Medical and repair kit

And lastly my medical and repair kit, which is a real assortment of things. Bandages, fixomull, antiseptic cream, antiseptic wipes, anti-fungal cream, assorted bandaids and sticking plasters, chapstic, superglue, pain tablets, water treatment pills, diarrhea tablets, patches for the air mattress, needle, thread and dental floss for heavy duty repairs, a thimble and assorted tapes. There are a few spots where I have assorted tapes for repairs of body and equipment, usually wrapped around other items like you can see here on the chapstic and the antiseptic cream. I also have electrical tape and gaffa tape wrapped around my hiking poles just in case.

All packed

And lastly, there’s my pack an Aarn featherlite freedom, I do love these packs and can’t see myself ever reverting to a standard backpack. Many a time on the last hike I’d notice as soon as others would stop for a rest they would drop their pack off in exhaustion and then groan when they had to put it back on to keep walking. Personally I would leave my Aarn on all day even when I stopped for a chat or a rest, it really was no major effort having it on. The secret is in the front packs and the careful design of weight distribution, well there are many secrets to it I imagine, I can stand with it on and swivel from side to side and the whole harness over my shoulders swivels from side to side as well. Anyway, all loaded up and my base weight is 10.1kg with no gas, water or food. With two litres of water a gas canister and 3 days food and it’s up around 15kg, with 6-7 days food It’s up around 18kg which is it’s maximum load carrying recommendation. I hope it lasts ok for this hike as it already did the 1000km last time plus all my training, this time I’ve done most training with a different day pack loaded with weight so I’m not wearing the Aarn pack when not needed. This is where I’ve noticed the real difference of the Aarn body pack, vs a back pack, sore neck, sore shoulders and a range of different muscles are needed when carrying all the weight on your back rather than the balanced front and back weight districbution of the Aarn.

Today I’ve just finished reading back through the 12 blog posts I wrote when I walked the last time around and now I’m seriously second guessing my decision to do it again, especially considering that it’s cold, wet and stormy outside as I type this and I’ve been reading about the trials I went through, the constant dampness, the torrential downpours, the painful feet and legs I suffered along the way. Here I sit in relative warmth and dryness with feet that feel good, looking out at the squalls, thinking, hmmm, I could be out there hiking in this with weight on my back, cold and wet, dirty, smelly, sore and tired. Or I could remain inside warm and comfy. And the crazy thing is I’m still relatively keen.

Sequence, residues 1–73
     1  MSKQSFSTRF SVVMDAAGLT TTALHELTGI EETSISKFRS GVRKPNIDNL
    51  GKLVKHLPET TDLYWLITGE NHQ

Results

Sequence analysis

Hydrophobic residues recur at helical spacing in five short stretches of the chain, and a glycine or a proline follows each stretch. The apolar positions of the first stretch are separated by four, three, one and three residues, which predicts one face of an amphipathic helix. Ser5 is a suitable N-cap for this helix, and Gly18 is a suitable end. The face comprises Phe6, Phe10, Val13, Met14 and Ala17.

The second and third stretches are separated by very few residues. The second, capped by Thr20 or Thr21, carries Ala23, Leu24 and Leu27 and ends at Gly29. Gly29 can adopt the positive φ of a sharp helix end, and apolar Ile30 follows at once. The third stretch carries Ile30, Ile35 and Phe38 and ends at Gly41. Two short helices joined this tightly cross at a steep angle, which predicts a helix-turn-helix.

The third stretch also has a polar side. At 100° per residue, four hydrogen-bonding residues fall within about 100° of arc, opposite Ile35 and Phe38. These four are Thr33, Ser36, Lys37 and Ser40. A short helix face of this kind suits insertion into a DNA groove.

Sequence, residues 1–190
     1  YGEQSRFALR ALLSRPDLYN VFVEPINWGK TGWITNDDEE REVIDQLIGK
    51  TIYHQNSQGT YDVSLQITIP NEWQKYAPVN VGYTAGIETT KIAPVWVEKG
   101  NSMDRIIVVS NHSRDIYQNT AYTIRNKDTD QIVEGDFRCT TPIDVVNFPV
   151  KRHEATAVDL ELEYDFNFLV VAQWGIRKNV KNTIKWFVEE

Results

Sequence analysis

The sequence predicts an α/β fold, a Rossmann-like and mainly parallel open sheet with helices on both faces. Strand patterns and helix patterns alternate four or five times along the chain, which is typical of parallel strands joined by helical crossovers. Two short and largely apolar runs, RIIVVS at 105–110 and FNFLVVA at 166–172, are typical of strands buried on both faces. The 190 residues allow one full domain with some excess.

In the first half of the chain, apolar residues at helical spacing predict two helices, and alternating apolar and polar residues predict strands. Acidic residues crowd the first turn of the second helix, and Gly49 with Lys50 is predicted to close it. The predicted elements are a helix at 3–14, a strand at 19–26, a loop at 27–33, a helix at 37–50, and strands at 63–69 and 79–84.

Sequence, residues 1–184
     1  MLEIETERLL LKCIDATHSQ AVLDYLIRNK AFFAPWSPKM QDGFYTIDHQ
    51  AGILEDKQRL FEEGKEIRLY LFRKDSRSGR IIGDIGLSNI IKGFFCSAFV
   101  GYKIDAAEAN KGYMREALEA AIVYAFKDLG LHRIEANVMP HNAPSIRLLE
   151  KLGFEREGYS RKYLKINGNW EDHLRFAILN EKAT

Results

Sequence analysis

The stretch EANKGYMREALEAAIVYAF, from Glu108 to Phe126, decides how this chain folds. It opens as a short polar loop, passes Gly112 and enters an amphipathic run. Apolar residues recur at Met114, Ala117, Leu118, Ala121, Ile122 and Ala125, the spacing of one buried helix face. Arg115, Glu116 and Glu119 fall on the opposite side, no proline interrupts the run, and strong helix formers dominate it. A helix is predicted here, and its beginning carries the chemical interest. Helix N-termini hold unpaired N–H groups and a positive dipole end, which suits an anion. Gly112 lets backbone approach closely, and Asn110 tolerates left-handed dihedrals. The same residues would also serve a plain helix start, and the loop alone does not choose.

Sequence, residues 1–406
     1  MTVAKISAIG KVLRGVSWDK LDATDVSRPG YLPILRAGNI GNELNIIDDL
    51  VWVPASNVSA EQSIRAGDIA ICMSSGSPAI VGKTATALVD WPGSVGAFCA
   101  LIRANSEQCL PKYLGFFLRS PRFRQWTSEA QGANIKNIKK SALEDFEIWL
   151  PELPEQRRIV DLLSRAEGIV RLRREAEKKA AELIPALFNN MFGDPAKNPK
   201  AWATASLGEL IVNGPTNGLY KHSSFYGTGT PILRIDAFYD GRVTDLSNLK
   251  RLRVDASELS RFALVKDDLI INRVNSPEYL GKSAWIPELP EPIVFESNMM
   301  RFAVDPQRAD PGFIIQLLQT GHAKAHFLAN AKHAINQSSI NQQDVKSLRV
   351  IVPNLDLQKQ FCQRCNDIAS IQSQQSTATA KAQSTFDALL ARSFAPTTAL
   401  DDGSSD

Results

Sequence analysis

Footwear? Well, last time around I had Lone Peak altra trail runners which were ok for a while but my feet were sore after wearing them in many sections and I tended to settle on my Teva sandals for perhaps 2/3rds of the track. This time around I have been trying out different shoes for a while to be sure I get something comfy for the hike, Merrill ankle high boots, Asics sneakers, Saucony trail runners, none of them feel really comfortable after trialing them for a while. Most of the training I’ve done has been in Teva sandals, I bought a pair that were supposed to be the same model as my last ones, Hurricanes, but they have changed them and I found them to be uncomfortable over distance, so I bought a pair of their terra fi sandals, their model recommended for long distance hiking and they seem to be the goods. I do like the idea of a back up/camp shoe as well though I’m not sure what I’ll wear for that, I even toyed with the idea of Skinners.


These are the ultimate in minimalist footwear, basically a pair of socks with a 3mm thick sole, heal and toe made of a rubbery grippy material. They only weigh about 70g and roll up into almost nothing and would make a great camp shoe, I even hiked in them for a couple of kilometres with a pack on and they were ok but you really have to concentrate on the ground where you are walking as 3mm of sole isn’t much protection especially on rocks and gum nuts and there are plenty of them on the hike. So maybe ok as a camp shoe but won’t hack it as a backup pair of hiking footwear. I’ll keep trialing the footwear I have, I may end up with 2 pairs of sandals, one for main hiking and another for camp and backup hiking. Just seems strange to tackle 2000 kms of hiking with only sandals. For now I’ll try and stick with the Saucony trail runners to begin with, at least for the Albany to Denmark section while having the sandals as a back up and camp shoe, if they aren’t doing so well I can drop them at Denmark after the first 5 days.

Still waiting to set an actual departure date, I’m expecting it will probably be early to mid April, waiting for the weather to cool off a bit and for the march flies to leave, I’m reading reports about people quitting the track because the march flies in some areas are so thick. March flies are a horrible biting fly which can be in plague proportions but very seasonal.